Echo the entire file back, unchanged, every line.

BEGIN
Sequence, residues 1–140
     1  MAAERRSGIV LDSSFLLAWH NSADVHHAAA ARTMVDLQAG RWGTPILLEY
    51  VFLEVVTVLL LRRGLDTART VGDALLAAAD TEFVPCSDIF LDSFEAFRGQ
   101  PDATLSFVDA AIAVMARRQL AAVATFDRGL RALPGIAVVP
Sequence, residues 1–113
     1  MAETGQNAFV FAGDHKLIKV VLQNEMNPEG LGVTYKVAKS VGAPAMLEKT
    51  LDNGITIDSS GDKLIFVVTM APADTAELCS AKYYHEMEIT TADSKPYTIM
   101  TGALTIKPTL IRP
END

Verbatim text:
Sequence, residues 1–140
     1  MAAERRSGIV LDSSFLLAWH NSADVHHAAA ARTMVDLQAG RWGTPILLEY
    51  VFLEVVTVLL LRRGLDTART VGDALLAAAD TEFVPCSDIF LDSFEAFRGQ
   101  PDATLSFVDA AIAVMARRQL AAVATFDRGL RALPGIAVVP
Sequence, residues 1–113
     1  MAETGQNAFV FAGDHKLIKV VLQNEMNPEG LGVTYKVAKS VGAPAMLEKT
    51  LDNGITIDSS GDKLIFVVTM APADTAELCS AKYYHEMEIT TADSKPYTIM
   101  TGALTIKPTL IRP